One Hundred Days Of Writing
Largely inspired by standard notes and this blog post: https://listed.standardnotes.org/@Listed/5202/100-day-writing-challenge
I've also been inspired by a few others:
- 750 Words
- That dude that wrote 1000, 1000 word essays
- Morning pages
- Every other site on journaling
I am starting a journey here today of writing every day for one hundred days. Today is day one, let's see how long it lasts. I think I will easily be able to write every day - the challenge will be 1. How much I write and 2. what the quality will be like. On both of these it doesn't really matter. I kind of plan this blog to be semi anonymous and that's the whole point. What constitutes quality and quantity anyway. For me the benefit is to me and written by me.
I've tried this sort of thing before. Setting myself a target of 750 words a day. This was a slightly different mindset than just writing for 100 days. Firstly the quantity seemed daunting. Perhaps for some people 750 words is easy to bash out. For me by day three I was flagging. Sure I could have written 300 words that would have really benefited, but then the challenge would have failed. 100 days seems much more doable. I could write 10 words a day and still succeed in the challenge right?
I still love my rules and here's a few things I wonder about how I will approach the challenge:
- Will I use this as a journal for the mundane (I kind of do that already)?
- Will I write about just one topic a day or several?
- Will I publish at the end of the day once all my thoughts? are gathered or several times a day as I complete my thoughts?
- Will anyone read this and does it matter? (Why not just publish this privately?
I guess the benefit of just keeping going for 100 days is that some of these unanswered questions will likely pan out in the end. This post (if it is a post) feels a bit like drivel. Which it probably is. It's been nice though to just sit with a coffee and a plain text editor and write out some words. That's why this blog platform "Listed" has appealed to me. Really minimal. Just plain text, exactly my style.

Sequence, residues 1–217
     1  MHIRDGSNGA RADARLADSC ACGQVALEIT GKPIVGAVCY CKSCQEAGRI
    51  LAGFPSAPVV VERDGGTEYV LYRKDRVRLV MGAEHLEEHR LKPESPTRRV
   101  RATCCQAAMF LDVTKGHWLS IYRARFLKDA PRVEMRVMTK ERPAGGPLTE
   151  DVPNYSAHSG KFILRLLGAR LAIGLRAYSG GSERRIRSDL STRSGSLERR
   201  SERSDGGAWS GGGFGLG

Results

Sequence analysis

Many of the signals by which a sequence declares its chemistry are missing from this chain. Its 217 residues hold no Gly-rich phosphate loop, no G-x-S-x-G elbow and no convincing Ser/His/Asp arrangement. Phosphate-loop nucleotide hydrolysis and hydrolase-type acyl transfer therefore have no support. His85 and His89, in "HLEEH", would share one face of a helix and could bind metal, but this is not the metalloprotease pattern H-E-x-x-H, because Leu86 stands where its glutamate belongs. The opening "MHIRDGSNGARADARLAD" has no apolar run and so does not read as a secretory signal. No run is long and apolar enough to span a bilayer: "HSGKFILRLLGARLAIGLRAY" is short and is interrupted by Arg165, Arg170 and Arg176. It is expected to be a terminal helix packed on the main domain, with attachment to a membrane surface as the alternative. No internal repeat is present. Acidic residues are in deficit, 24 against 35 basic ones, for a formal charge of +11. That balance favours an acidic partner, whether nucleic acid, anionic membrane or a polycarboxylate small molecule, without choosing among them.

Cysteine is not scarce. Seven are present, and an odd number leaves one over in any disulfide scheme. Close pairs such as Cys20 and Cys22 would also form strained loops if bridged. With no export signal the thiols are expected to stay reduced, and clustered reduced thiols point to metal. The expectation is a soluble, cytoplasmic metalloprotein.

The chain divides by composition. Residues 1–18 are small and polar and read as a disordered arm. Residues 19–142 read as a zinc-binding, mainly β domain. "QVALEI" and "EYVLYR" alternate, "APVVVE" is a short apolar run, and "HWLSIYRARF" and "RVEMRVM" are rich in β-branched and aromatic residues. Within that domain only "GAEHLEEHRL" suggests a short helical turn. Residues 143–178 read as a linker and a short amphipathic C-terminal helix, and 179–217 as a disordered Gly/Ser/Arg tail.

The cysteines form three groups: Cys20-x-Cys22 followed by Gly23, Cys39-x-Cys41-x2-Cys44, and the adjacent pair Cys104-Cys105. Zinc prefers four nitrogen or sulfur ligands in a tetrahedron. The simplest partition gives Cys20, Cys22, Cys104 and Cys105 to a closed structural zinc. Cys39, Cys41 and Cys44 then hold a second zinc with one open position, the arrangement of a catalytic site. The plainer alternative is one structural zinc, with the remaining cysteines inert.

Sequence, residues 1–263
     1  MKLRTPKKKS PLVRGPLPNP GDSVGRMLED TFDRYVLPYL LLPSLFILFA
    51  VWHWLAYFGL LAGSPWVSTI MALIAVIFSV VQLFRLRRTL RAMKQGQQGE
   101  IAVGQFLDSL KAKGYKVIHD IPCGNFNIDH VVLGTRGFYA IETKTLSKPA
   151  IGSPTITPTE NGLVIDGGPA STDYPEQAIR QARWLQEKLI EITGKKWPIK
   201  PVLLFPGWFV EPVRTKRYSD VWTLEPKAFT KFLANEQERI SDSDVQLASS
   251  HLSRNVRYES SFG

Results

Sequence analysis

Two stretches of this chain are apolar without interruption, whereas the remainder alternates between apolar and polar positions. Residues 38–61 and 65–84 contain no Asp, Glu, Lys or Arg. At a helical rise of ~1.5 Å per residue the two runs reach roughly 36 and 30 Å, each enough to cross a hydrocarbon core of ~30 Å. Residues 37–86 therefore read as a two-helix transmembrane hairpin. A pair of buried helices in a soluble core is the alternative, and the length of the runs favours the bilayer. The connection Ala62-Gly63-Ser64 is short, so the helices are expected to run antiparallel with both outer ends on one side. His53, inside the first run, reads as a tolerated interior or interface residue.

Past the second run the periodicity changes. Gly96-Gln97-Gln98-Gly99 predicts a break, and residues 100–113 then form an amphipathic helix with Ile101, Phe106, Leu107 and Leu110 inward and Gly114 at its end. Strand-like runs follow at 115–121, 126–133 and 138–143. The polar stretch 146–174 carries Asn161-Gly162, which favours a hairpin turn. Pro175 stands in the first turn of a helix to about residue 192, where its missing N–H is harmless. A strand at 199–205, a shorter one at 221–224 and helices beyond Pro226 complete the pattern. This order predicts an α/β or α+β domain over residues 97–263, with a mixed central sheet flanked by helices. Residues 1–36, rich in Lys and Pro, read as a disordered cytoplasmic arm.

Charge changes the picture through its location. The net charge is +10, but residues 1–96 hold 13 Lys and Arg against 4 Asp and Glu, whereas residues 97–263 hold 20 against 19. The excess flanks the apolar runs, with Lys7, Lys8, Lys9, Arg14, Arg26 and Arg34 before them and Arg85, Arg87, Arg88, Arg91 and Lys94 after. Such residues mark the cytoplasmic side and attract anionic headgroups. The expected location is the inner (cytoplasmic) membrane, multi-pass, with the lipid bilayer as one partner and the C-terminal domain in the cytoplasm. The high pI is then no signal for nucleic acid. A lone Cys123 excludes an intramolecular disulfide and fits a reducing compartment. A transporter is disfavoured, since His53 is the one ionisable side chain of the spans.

In the day
I've decided that I will write a little about today's musings in an appendix. Why not? It's all writing right? Some of this will be cryptic because frankly I plan to stay a little anonymous here on the web. Some of my thoughts may not be totally inline with the views of others. It's clear that all of us have a "private me" and a "public me" we project different things on different platform.
For LinkedIn: One Hundred Days Of Writing
Inspired by this I will from today write every day for 100 days. Perhaps you think this isn't difficult. After all, we all write every day - emails, tweets, status updates, instant messages. But what is difficult, is to take time out and focus on writing something just for you, offline, simply writing what's on your mind. To you, for you. No audience and no-one judging.
I have been journaling on and off for over nearly two decades (both digitally and with pen and paper). The benefits of this introspective thinking are profound. Not just for today, but for your future self when you look back at past musings. This has been a well recognised benefit by everyone from Michelangelo to Richard Branson. (These are more commonplace books than journals - but still foster the same benefits.)
Setting a writing challenge and finding way to be more committed to journaling is not a new concept for me. I've dabbled with morning pages, 750words, and many other journaling and lifelogging apps and websites. Finally I've settled to just a simple plain text editor. Sitting down with a coffee just typing. The simpler the better. No formatting, no images, no keywords for SEO, no judging, just freeform typing. For me, my 100 day writing challenge isn't about the number of words, or even the quality of those words. It's about just being consistent in taking some time to write and think.
I may chose to publish some of these daily thoughts to LinkedIn or other platforms or not. When one worries about how others perceive their words, they become less authentic. Publishing isn't the goal, writing is.
Anyone else journal daily? Why do you do it and what do you get out of it?
Cheers and all the best,
[image credit: https://unsplash.com/@andrewtneel]